Aging May Disrupt Your Internal Clock, But a New Timekeeper May Be at Work

January 20, 2016

Our genes are master controllers that control processes in our bodies ranging from metabolism to sleep. In the morning, our brains tell the timekeeping genes to put out cortisol to wake-up and in the evening, it puts out melatonin to make you sleepy. Our genes are like an orchestra that keep all the other genes on time. As we age, there is a disruption in the rhythms that cause things to change and there is a loss to the timing in the core clock genes.


Researchers studied brains samples  of seniors immediately after death and found that the prefrontal cortex which sits right behind the forehead and is associated with our body rhythms is responsible for memory and cognition. The researchers discovered that there is a loss in the rhythmicity of the core clock genes which was an expected finding. What they also found was that there are another set of genes that pick up the rhythm in older brains. It was suspected that the other set of genes works as a back-up when the main one becomes less reliable.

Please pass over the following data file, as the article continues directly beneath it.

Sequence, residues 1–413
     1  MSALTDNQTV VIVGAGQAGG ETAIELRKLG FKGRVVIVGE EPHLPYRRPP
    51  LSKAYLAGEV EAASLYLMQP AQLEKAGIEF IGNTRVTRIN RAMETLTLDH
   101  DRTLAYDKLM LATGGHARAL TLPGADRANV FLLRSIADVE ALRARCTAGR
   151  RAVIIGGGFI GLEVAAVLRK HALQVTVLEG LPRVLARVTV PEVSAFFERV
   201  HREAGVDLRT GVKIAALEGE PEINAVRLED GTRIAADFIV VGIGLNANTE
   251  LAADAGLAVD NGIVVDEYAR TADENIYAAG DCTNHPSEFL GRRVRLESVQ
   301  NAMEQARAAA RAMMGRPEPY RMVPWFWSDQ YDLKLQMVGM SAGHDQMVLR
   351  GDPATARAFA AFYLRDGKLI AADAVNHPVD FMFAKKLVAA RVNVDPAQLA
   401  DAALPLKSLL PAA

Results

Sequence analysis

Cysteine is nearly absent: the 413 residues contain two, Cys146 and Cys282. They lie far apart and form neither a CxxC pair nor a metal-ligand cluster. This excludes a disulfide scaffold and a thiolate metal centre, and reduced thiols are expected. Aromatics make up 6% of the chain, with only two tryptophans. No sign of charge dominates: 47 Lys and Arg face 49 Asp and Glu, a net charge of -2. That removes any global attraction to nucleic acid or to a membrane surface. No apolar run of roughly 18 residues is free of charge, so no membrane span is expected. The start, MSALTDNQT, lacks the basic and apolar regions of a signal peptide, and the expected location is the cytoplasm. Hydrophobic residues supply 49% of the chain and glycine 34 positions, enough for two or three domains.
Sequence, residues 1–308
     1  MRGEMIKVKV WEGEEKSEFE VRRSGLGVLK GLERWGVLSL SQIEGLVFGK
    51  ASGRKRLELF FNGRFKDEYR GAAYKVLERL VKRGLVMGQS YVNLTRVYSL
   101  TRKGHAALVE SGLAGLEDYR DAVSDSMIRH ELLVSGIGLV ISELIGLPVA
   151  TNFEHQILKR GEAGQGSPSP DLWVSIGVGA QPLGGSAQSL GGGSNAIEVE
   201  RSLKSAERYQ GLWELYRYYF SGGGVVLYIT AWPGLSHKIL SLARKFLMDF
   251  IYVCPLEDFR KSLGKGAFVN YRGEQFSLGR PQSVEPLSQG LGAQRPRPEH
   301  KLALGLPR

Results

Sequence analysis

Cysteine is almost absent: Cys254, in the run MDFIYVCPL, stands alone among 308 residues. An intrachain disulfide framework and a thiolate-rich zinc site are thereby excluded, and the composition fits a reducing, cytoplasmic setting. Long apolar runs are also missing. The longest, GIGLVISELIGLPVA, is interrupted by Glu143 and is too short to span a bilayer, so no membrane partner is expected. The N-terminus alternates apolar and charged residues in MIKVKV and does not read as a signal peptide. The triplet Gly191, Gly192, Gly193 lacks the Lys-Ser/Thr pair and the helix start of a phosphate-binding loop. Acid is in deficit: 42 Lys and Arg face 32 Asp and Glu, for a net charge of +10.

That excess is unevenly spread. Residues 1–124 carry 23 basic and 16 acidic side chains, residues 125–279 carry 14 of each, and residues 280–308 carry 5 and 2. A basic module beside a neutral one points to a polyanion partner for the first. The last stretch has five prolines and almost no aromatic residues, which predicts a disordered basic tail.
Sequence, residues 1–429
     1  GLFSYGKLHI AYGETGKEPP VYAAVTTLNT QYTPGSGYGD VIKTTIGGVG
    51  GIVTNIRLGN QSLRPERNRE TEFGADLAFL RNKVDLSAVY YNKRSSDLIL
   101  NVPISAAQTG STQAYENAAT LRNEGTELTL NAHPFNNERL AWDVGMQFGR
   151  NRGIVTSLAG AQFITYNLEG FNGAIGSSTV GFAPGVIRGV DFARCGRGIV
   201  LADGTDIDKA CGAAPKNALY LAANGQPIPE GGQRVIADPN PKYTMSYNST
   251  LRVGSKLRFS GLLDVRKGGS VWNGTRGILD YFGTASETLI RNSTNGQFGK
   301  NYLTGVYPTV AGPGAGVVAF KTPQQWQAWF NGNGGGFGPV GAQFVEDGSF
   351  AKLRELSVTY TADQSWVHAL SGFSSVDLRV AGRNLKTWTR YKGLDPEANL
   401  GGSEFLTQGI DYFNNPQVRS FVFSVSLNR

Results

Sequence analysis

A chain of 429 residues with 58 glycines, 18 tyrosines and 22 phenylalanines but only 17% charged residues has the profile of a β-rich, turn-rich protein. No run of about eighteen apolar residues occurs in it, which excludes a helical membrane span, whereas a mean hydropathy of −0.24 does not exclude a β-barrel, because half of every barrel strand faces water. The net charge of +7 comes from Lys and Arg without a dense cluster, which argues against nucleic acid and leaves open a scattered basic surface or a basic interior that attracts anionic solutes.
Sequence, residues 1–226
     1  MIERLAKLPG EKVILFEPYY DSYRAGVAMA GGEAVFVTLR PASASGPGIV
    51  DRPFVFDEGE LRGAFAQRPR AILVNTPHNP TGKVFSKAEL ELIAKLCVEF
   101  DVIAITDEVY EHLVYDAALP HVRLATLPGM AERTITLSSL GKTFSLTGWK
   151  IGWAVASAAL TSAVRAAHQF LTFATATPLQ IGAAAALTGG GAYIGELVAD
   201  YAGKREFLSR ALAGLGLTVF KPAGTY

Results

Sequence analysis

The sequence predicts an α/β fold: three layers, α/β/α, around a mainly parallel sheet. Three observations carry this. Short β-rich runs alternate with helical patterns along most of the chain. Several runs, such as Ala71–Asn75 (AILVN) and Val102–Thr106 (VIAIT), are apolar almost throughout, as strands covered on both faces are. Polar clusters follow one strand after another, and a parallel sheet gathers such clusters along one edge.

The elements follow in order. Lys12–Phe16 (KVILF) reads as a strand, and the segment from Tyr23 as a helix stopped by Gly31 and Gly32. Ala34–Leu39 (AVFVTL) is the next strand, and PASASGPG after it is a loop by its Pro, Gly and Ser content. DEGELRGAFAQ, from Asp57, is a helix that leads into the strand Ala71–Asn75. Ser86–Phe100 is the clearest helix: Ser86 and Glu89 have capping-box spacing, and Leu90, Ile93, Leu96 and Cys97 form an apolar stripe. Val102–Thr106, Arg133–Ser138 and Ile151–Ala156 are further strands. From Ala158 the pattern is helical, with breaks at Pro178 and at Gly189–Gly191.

This finding was particularly interesting in people with dementia because often in the evenings the patients become irritable and anxious, a condition called sundowning. This could be contributing to neurodegenerative and psychiatric diseases that tend to become exposed later in life and disrupt the sleep-wake cycle. It is expected that things will get weaker as we age, but not that things will get stronger. That is why this finding is particularly interesting because it shows that things become more rhythmic. More studies are needed to figure out exactly what those genes do.



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